They could feel the Spirit of God moving among them. They could see it, reflected in the vision of flames resting on their heads. And they could hear it, through the noise of the wind, and through the sudden ability to speak in languages that they did not know, languages that enabled the thousands gathered in the city to be able to understand what it was that they had to say about Jesus.

It had to have been amazing. It had to have been wonderful. It had to have been so exciting and enlivening to be so surrounded by the Spirit of God...it had to have been, because they were so filled with joy in the Spirit, and acting and dancing and singing and shouting out that joy, that the only explanation for their behavior that others could come up with was that they just had to have been drunk.

But they weren’t.
They were just so moved by the power of the Spirit of God that they could no longer sit in the upstairs room, quietly and solemnly devoted to prayer and to worship, but instead were pushed by some force that they could not explain out into the streets, out into the world, to share and to proclaim what it was that they were experiencing with others.

You know, much of the time in the life of the church, we refer to the Day of Pentecost as the Birthday of the Church...the day that the church was born into the world. We have sung Happy Birthday to the church, we have celebrated with cake and ice cream, and in some churches, there will even be party hats and those funny rolled up paper noise makers to blow, like you would see at a children’s birthday party.
In some ways, that’s a very apt description...but in others, it’s a bit misleading.

Because, as we have evidence in scripture, the Church was in existence before the Day of Pentecost. They were coming together in worship and in praise. They were coming together to talk about Jesus and what they had learned from him. They were coming together to plot and plan the work of the ministry of Jesus Christ that they had been commissioned by Christ to continue in this world. That sounds very much like church, doesn’t it? At least it sounds very much like what we do each and every Sunday and throughout our weeks here as we have meetings and committees and work that we engage in on a weekly basis.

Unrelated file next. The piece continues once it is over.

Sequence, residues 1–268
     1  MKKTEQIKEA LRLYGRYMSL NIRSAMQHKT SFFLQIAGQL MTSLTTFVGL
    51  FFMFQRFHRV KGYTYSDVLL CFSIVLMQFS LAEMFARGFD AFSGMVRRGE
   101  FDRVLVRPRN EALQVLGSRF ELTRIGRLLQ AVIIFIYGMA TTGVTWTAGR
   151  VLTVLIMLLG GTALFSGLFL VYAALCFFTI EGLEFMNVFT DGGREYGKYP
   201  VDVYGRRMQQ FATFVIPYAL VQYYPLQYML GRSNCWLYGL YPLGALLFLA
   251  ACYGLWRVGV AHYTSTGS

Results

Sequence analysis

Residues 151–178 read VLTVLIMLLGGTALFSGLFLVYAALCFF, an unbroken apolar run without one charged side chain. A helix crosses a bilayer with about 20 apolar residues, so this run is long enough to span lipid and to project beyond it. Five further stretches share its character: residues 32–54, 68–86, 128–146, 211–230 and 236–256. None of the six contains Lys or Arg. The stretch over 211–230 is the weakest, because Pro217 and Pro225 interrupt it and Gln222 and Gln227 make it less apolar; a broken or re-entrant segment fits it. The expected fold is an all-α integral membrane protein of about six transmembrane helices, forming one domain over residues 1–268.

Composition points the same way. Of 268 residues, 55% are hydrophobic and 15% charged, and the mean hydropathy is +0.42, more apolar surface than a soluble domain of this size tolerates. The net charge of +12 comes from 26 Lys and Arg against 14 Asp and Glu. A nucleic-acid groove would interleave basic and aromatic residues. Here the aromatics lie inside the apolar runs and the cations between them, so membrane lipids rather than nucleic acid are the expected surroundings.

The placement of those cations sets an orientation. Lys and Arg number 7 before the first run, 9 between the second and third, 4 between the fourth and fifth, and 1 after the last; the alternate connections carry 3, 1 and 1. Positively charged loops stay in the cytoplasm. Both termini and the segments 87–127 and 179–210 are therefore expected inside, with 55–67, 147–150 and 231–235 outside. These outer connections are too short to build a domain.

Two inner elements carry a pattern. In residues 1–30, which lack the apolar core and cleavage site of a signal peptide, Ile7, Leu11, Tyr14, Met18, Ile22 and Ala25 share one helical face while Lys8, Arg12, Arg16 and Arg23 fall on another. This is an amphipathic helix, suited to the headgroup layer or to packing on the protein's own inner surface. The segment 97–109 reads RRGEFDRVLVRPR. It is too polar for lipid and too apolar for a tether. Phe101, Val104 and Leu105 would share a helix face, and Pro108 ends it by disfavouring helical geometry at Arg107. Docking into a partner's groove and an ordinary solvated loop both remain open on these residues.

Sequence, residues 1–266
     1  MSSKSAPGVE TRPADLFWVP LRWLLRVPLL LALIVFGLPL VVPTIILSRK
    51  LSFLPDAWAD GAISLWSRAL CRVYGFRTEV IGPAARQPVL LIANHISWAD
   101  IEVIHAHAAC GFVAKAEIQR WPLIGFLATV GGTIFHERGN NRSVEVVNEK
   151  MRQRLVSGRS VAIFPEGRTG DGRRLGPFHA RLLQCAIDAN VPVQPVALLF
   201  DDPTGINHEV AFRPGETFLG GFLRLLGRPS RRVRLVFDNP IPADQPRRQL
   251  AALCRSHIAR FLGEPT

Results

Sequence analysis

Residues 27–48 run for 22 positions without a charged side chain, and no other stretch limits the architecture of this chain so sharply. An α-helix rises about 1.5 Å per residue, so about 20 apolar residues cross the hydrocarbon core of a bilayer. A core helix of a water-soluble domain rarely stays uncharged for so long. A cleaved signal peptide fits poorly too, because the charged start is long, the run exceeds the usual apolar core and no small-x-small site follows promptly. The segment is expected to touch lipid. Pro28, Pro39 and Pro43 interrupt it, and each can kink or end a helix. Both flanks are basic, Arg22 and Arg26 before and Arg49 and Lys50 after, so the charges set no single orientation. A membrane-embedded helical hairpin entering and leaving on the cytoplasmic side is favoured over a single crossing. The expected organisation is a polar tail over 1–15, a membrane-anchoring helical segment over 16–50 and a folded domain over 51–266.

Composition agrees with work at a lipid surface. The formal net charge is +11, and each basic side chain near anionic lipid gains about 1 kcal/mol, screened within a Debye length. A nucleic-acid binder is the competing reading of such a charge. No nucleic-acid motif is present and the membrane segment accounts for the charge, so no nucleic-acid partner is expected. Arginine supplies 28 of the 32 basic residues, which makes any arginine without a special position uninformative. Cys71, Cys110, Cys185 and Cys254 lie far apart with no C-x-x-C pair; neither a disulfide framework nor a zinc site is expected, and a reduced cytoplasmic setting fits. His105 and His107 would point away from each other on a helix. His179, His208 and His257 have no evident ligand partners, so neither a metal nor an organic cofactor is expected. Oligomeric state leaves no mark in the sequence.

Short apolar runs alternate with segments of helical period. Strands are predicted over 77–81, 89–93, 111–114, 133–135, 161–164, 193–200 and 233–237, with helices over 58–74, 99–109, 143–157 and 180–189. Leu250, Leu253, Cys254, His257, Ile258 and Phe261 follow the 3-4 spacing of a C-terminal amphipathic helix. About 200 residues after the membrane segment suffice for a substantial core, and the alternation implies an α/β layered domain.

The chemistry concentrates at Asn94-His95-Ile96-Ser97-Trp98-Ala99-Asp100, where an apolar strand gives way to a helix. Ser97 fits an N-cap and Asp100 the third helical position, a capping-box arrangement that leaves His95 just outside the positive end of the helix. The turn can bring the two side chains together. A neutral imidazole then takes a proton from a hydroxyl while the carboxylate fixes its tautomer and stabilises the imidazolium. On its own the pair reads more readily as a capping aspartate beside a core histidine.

What was different and special about that day was not that anything new was begun...but that it was driven out of the doors of the room where they had been staying...out of the doors and into the world. The members of that very first church were so filled by the Spirit that they couldn’t help but share it, to talk about it, to get out in the world and do what they had been called to do.
In other words, what was different about that day was that the Spirit of God lit a fire under their...seats...and got them up and moving to not just do Church but to be Church in the world.

Hopefully, that is what the Day of Pentecost reminds us of. What experiencing a worship service and fellowship time like the one that we have here today does for us, too.
That, seeing and experiencing the Holy Spirit at work in and amongst us today, we have a fire lit underneath us to get up, get out, and go and do, be, proclaim, exclaim, and share God’s Word, show God’s love, and work to build God’s kingdom in this world.
May it be so.
Amen

 

“He has told you, human one, what is good and what the Lord requires from you: to do justice, embrace faithful love, and walk humbly with your God.” — Micah 6:8 CEB